More debt, less saving, more strain. Five worrying new charts from the OBR

Though it tends to get rather overlooked on Budget day, the Office for Budget Responsibility’s Economic and Fiscal Outlook report really is a mine of excellent data. All the more interesting because it represents the official “in-house view” that informs the Treasury’s actions in the coming years.

Here is a by-no-means-exhaustive selection of some of its more interesting insights about the picture for the UK economy in the coming years (I’m focusing here more on the economics than the fiscal picture, the latter of which was largely unchanged).

1. Britons are going back to their indebted ways



The OBR is forecasting a steady increase in household gearing – the amount of debt people owe in comparison with their income. This chart would look even more powerful if one compared it with previous historical periods of deleveraging, or indeed the equivalent chart for the US. In both cases, the level of indebtedness fell more sharply than it has done in Britain’s recent crisis. At the same time…

2. Savers are pulling money out of long-term savings at an unprecedented rate



The notion that savers are pulling their money of long-term deposit accounts isn’t a new one. We broke this story back on Sky News late last year. But this chart from the OBR report underlines how dramatic the trend has been. It’s one of the best explanations for the recent boost to consumer spending: it’s not merely that people are borrowing more; they are raiding their long-term savings in order to have cash  at hand in their instant access accounts. After all, what’s the point in leaving your cash in savings accounts when…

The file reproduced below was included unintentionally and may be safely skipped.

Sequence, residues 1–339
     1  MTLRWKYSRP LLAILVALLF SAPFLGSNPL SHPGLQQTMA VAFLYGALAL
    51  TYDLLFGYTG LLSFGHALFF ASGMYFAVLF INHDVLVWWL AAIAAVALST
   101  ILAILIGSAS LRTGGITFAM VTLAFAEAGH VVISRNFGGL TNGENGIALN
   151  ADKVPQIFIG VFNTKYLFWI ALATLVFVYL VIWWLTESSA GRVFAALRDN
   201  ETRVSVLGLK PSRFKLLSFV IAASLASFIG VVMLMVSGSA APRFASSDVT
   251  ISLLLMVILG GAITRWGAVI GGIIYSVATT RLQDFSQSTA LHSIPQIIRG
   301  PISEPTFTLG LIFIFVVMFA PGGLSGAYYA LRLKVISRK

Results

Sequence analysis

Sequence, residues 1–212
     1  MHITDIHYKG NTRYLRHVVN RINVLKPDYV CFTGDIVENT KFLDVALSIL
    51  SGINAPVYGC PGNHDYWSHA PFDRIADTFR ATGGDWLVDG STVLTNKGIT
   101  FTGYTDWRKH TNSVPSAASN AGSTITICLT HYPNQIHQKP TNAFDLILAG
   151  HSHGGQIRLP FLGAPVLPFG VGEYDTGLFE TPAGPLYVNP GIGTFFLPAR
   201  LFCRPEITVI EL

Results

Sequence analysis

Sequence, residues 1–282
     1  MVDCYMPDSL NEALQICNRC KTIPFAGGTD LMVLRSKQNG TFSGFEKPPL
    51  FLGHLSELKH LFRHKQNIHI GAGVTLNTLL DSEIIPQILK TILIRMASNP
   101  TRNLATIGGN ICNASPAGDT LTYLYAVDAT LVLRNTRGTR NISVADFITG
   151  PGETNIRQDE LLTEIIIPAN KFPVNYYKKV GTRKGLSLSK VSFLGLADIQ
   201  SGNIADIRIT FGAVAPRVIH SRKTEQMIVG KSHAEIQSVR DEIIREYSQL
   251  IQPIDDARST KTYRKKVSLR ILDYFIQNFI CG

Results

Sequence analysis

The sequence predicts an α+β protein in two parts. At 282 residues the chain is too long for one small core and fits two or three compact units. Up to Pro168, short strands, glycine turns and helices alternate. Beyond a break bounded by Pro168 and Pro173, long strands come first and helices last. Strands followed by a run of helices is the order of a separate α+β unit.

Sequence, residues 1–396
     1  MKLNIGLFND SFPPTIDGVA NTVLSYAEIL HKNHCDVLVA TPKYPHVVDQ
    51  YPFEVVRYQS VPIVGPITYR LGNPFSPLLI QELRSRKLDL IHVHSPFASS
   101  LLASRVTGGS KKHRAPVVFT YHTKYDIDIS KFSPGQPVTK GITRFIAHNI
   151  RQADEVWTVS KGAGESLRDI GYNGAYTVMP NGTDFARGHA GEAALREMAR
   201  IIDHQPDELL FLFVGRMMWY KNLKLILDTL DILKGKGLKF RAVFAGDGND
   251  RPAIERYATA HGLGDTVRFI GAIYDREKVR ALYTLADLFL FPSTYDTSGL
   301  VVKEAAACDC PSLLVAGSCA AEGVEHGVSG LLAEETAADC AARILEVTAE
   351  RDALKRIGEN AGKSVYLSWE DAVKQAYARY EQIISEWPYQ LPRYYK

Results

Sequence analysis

3. “Real” interest rates are currently -3%. And won’t hit zero until late 2017


This chart helps explain why indebtedness is on the rise. When you adjust for the impact of quantitative easing, interest rates are actually a lot lower than the 0.5% headline rate the Bank of England has them at. Take into account the £375bn of cash it has pumped into the economic system, and the actual cost of borrowing is comfortably into negative territory. This also means that even as Bank rate rises gradually in the coming years, the actual rate of borrowing won’t push through zero for almost four years.

4. But it’s taken time for lower rates to feed through to most people



It won’t have escaped your notice that the interest rates the Bank of England quotes, or indeed those negative ones the OBR talks about, haven’t exactly manifested themselves as rock-bottom borrowing costs on most of our loans. That, as most of us know, is a consequence of the financial crisis, during which the gap between official rates and actual borrowing rates widened as commercial banks attempted to repair their balance sheets. You can see this in the chart above, which compares official Bank rate with the actual so-called swap rates that affect actual loans rates.

5. Almost a quarter of households may soon face debt repayment problems



The problem for those households taking advantage of low interest rates is that they may soon face problems when interest rates do eventually rise. And though the Bank of England isn’t expected to start raising borrowing costs until next year, and though any increases will be slow (see chart 3), even a relatively small increase could affect households seriously. In fact, the OBR thinks that if rates go up 2.5%, as the market expects, almost a quarter of households will have to “react” to higher debt costs (meaning cutting back their spending or working more). That said, the OBR reckons that most borrowers won’t actually see that full 2.5% increase as – just as the commercial banks didn’t cut actual borrowing rates the full amount when Bank rate came down in 2009 – banks won’t lift actual borrowing rates as fast as the Bank of England in the coming years. We shall see.